The Redskins will have plenty of opportunities to find that difference-making No. 1 running back in a 2017 class that is arguably the most talented at the top and deepest in the last decade when it comes to the ball-carriers. In both the recent three-round mock draft by PFF’s Steve Palazzolo and the full staff’s seven-round mock from last week, Washington is mocked to grab (arguably) the most talented and (most likely) the most elusive running back in the draft at No. 17 overall — Dalvin Cook.
If the Redskins grab Cook or a mid-round prospect like Kareem Hunt, Kelley’s value will take a massive hit. Right now, you can leverage our advanced stats in trade talks. Kelley finished with a much better elusive rating than you might expect, and although it didn’t necessarily always lead to fantasy success, it’s a good bargaining chip in trade talks right now.
Ladarius Green, TE, Pittsburgh Steelers
Green was signed before the 2016 season because he’s a perfect fit for Todd Haley’s scheme. With the threat of a vertical option down the seam at tight end, the Steelers offense has no weaknesses. In the first season of his four-year, $20 million contract, the 26-year-old appeared in just six regular-season games after missing the first nine weeks on the PUP list. His season ended in Week 15 when he suffered a concussion. Green has a lengthy history of concussions, and although he has vowed to return in 2017, it’s difficult to take his word given how long concussions kept him out in the past.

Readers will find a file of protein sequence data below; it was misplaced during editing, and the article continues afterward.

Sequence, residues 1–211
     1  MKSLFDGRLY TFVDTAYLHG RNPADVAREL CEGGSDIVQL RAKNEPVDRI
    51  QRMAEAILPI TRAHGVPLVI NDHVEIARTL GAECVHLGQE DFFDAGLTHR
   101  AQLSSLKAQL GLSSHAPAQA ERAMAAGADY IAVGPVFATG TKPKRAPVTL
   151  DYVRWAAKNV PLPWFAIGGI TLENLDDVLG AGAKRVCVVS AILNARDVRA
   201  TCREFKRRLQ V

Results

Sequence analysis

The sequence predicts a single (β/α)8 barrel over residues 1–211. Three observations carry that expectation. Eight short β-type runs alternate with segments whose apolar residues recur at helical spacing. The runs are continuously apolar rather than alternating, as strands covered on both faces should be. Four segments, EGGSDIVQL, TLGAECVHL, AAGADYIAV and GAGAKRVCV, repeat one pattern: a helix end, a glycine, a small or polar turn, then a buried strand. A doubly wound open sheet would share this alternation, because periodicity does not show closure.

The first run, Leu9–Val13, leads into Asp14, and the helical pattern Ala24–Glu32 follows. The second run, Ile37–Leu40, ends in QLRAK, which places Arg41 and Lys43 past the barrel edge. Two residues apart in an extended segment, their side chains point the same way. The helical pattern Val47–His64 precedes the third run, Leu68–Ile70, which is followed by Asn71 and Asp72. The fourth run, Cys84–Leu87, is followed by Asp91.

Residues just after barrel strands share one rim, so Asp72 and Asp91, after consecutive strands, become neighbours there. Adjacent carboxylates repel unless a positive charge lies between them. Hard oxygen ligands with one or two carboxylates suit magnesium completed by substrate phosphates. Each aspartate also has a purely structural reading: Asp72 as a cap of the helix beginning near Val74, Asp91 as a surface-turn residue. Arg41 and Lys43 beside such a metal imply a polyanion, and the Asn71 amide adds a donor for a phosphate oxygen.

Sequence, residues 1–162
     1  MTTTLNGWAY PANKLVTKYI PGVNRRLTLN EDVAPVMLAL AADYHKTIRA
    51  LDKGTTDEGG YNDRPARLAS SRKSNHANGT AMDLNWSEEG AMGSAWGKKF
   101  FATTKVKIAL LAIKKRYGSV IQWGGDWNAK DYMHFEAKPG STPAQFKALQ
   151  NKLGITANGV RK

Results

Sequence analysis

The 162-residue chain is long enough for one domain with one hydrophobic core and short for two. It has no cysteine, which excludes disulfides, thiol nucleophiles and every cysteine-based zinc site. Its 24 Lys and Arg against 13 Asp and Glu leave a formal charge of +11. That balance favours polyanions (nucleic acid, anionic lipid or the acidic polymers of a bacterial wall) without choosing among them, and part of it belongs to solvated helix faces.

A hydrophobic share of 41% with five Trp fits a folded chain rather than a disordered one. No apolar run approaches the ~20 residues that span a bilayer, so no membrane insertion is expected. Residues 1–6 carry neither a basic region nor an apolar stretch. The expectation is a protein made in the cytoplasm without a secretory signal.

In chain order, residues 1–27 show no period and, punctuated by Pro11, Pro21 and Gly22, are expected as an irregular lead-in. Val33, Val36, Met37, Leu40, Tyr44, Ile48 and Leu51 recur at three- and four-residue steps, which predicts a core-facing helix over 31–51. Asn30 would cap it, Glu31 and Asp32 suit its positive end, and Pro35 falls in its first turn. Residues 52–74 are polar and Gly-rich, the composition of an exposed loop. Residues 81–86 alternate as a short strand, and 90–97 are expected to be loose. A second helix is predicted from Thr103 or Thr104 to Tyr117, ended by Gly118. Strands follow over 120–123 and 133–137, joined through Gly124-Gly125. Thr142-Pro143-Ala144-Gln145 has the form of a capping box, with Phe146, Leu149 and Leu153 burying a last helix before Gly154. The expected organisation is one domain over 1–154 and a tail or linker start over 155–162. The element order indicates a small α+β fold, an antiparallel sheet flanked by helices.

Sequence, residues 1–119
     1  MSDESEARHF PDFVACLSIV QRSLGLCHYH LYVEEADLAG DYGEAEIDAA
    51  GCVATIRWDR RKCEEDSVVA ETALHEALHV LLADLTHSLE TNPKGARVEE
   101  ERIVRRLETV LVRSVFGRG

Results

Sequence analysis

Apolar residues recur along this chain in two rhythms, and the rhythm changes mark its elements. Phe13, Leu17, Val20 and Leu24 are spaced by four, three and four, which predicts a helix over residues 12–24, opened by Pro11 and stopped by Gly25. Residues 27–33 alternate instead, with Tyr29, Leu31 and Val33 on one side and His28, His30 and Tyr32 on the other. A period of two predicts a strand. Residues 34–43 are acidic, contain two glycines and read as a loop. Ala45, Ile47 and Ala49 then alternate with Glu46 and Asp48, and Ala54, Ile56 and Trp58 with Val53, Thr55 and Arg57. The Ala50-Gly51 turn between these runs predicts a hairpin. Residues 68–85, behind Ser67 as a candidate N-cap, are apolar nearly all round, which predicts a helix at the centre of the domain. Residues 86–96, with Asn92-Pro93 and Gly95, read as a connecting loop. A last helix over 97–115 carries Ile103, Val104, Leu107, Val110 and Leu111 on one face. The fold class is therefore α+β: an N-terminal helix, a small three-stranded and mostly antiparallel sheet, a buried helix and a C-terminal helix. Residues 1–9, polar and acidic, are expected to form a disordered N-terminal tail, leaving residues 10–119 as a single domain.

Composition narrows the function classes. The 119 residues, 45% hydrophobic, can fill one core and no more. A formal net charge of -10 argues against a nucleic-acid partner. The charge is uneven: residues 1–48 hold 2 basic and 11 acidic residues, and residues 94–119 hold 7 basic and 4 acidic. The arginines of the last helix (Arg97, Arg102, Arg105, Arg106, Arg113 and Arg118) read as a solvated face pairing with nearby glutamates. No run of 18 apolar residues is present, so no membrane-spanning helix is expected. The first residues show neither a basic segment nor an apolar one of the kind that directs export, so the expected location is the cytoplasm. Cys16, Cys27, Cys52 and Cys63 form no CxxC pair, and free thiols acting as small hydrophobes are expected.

When on the field, Green was something of a difference-maker for the Steelers offense. He averaged 16.9 yards per catch and opened up different areas of the field for the offense. Green’s impact while healthy sparked some speculation that the Steelers will look to draft a top tight end in one of the strongest rookie tight end classes to come out in several years. Although Ben Roethlisberger has denied reports that he lobbied the team to draft a tight end, that doesn’t mean they won’t take one anyway.
O.J. Howard ran a 4.51 40-yard dash at 251 pounds. David Njoku had a 37-inch vertical jump and the ability to run the seam with 4.64 speed. Evan Engram, who might be the best fit for the Steelers to run the seam in the middle of the field, ran a 4.41 40-yard dash at 234 pounds. Adam Shaheen, Bucky Hodges, and Jordan Leggett didn’t quite reach the freakish levels of the three prospects just mentioned, but they also project as potential difference maker tight ends at the NFL level.